By Stephanie Bratnick, Anti-Trafficking Services Director of Preble Street
Human trafficking is not a new crime, but it has recently prompted heightened attention and action among social services, legal services, law enforcement, and the general public. Human trafficking victims/survivors are forced or coerced — through sexual, physical, psychological violence, and/or torture — to perform a variety of labor including sex work, domestic services, childcare, agricultural labor, and restaurant work. All these exist in Maine. Maine is also home to laborers, many of them recent immigrants, who are exploited by unfair labor and immigration practices, receive little to no pay, and are subjected to unsafe working conditions.
Since understanding the laws and systems of a new country can be challenging, immigrants can be especially vulnerable to trafficking inside the United States. Immigrants, whether asylum-seekers or refugees, may not know their rights as workers or may not know to whom to turn for help. Immigrants who are undocumented or who are inside the U.S. on a guest worker visa program may not seek help due to fear of prosecution or deportation. Some may hesitate to speak out due to threats to their families back home or they may fear losing their ability to work in the U.S.
Preble Street cares about the needs of all human trafficking survivors. Since 2013, our Anti-Trafficking Services (ATS) has been working to end human trafficking in Maine. While ATS is funded by the U.S. Department of Justice Office for Victims of Crime, it is not part of the government or law enforcement.
ATS works with survivors and their communities to ensure survivors are empowered to make their own choices and take back power over their own lives. We provide intensive case management services throughout the state to women and men, transgender individuals, and children who have been forced into all types of human trafficking, including sex and labor. The people we serve do not need to have experienced trafficking in the U.S.; clients may have been trafficked inside their home country, forcing them to flee for asylum; inside a refugee camp; or during migration.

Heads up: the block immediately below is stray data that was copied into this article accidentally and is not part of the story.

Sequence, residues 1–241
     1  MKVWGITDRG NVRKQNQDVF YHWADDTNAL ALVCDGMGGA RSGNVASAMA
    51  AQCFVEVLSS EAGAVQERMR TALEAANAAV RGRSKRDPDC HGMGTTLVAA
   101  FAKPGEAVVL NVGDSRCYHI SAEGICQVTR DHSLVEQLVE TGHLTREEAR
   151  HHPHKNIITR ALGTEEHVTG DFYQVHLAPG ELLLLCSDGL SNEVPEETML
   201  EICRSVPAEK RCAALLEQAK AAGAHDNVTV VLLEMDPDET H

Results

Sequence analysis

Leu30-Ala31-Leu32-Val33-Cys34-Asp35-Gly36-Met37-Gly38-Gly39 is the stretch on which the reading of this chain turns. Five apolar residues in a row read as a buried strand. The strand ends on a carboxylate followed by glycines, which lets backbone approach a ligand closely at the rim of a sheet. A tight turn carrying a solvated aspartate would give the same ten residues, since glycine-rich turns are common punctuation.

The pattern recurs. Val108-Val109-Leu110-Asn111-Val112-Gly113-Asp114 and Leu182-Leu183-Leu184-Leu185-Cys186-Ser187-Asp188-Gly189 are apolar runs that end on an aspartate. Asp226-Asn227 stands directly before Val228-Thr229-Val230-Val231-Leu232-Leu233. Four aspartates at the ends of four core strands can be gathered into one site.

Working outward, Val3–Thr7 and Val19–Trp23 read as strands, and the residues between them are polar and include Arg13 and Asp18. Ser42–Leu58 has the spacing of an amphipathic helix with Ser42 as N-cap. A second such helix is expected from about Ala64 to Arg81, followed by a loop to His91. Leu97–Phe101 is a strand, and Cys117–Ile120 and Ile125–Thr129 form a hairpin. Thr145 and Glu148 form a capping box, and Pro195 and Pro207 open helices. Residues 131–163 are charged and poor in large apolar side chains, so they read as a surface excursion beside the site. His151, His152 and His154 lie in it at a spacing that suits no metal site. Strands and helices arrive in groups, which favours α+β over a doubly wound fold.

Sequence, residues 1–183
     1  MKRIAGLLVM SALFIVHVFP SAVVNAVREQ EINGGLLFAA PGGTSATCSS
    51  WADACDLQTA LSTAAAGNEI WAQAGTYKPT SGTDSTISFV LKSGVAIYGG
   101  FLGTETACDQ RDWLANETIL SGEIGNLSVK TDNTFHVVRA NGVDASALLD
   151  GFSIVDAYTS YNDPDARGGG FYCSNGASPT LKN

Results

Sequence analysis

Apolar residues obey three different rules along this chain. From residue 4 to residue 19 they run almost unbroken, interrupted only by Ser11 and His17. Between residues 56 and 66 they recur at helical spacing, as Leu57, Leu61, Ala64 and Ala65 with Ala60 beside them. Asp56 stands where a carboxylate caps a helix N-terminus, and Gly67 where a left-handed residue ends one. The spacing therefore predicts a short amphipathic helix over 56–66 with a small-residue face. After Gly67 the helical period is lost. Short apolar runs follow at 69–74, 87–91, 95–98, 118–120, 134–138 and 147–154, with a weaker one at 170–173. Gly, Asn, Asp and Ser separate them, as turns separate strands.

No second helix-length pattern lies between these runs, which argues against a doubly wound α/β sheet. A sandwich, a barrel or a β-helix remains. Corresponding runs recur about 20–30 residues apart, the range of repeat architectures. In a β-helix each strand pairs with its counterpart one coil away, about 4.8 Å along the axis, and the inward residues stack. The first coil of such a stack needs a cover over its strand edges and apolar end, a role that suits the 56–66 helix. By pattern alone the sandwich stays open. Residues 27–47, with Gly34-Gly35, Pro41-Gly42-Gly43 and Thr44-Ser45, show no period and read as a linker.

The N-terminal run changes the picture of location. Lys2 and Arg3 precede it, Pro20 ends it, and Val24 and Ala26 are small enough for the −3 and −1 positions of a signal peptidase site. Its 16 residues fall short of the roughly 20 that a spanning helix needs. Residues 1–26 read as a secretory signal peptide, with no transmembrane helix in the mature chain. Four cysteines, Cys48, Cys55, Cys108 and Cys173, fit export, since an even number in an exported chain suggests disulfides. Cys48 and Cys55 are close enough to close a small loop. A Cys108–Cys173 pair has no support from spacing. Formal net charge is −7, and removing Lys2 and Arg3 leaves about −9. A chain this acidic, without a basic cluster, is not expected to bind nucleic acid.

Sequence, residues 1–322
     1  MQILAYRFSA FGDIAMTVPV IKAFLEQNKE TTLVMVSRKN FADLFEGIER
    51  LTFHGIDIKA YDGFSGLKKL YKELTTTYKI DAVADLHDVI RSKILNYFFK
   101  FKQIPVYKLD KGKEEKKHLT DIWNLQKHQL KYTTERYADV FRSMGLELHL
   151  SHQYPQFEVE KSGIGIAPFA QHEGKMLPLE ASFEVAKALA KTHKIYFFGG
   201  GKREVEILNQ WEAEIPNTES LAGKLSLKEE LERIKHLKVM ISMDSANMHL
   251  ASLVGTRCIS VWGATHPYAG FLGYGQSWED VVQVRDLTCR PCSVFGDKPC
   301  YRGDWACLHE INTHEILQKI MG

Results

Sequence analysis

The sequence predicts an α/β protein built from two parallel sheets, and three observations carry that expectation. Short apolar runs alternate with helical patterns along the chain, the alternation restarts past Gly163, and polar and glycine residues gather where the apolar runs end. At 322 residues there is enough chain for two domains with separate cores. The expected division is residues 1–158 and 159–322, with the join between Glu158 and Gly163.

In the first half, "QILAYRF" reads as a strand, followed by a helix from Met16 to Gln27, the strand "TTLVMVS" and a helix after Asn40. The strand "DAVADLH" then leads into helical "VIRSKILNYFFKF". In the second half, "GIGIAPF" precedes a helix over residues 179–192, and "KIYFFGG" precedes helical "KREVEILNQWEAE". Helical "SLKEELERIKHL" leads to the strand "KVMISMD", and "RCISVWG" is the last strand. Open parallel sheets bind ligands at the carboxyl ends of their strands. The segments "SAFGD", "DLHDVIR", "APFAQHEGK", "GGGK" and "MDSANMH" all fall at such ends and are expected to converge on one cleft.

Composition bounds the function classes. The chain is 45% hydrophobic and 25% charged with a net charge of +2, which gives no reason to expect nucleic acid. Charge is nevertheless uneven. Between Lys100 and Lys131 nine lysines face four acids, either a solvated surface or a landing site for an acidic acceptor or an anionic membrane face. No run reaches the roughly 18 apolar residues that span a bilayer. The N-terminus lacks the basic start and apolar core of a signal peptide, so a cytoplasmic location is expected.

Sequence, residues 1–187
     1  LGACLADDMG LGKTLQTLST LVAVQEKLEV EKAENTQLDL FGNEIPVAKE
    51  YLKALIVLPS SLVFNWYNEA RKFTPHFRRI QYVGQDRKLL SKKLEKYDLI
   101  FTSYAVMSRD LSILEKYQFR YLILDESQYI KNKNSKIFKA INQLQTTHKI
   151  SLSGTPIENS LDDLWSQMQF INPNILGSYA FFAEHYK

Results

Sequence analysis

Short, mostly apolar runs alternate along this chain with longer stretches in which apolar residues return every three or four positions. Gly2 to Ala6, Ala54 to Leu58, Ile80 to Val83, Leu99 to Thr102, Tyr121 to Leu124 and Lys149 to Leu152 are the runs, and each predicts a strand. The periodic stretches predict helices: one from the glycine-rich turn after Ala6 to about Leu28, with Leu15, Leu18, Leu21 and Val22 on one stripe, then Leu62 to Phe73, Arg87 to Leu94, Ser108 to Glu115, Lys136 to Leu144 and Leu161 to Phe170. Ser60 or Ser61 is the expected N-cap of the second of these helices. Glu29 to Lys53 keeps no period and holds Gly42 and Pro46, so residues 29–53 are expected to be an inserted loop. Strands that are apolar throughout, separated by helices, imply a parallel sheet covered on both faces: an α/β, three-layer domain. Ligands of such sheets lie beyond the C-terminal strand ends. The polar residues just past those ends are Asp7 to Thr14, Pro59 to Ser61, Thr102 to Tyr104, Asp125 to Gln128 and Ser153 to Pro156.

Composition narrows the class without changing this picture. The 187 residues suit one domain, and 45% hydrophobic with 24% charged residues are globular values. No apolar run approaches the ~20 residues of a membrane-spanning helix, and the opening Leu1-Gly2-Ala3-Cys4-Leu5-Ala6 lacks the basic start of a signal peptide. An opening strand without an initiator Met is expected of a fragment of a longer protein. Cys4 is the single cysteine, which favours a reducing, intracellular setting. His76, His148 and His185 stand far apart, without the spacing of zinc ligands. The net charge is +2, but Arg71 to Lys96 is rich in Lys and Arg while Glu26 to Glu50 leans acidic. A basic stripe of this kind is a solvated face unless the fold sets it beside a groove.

ATS is client-centered and grounded in an empowerment philosophy that increases access to services, support, and information. We help survivors understand services and information, and support the rights of survivors to make their own choices. Our purpose is to facilitate healing and growth and to promote individual and systemic justice for all trafficked persons, families, and communities.
From the outset, we work with clients to ensure they are offered choices in how and when they work with us, including access to the following services:
- Intensive case management
- Assistance with basic needs, including medical and substance use treatment
- Medication Assisted Treatment for opiate dependence
- Mental health and substance use counseling
- Shelter and housing referrals
- Links to other services, such as healthcare and legal aid
- Help with access to public benefits
- Civil, criminal, and immigration referrals
- Culturally sensitive services
- Advocacy through the criminal justice system
The following questions may help confirm whether or not something that you, your family member, or a community member has experienced is considered trafficking:
- Were your identification documents or passport taken away from you?
- Were you prevented from contacting your family or friends?
- Were you forced to give someone else the money you earned?
- Was another person in control of where you lived or worked?
- Were you given misinformation about the type of work, salary, or hours?
- Were you forced to work long hours, to work without taking breaks, or to work while sick?
- Did someone threaten you or your family?
- Were you forced to work to pay off a debt?
- If you are under 18, did you have to panhandle, sell either legal or illegal goods, have sex, or perform other sorts of work for money, food, shelter, or basic needs?
ATS is available to help understand what trafficking is, what it looks like, and how victims can get help. Our caseworkers speak many languages and are available to support all members of the diverse Maine community. Please feel free to contact us at (207) 775-0026 extension 1334 or (207) 415-8554.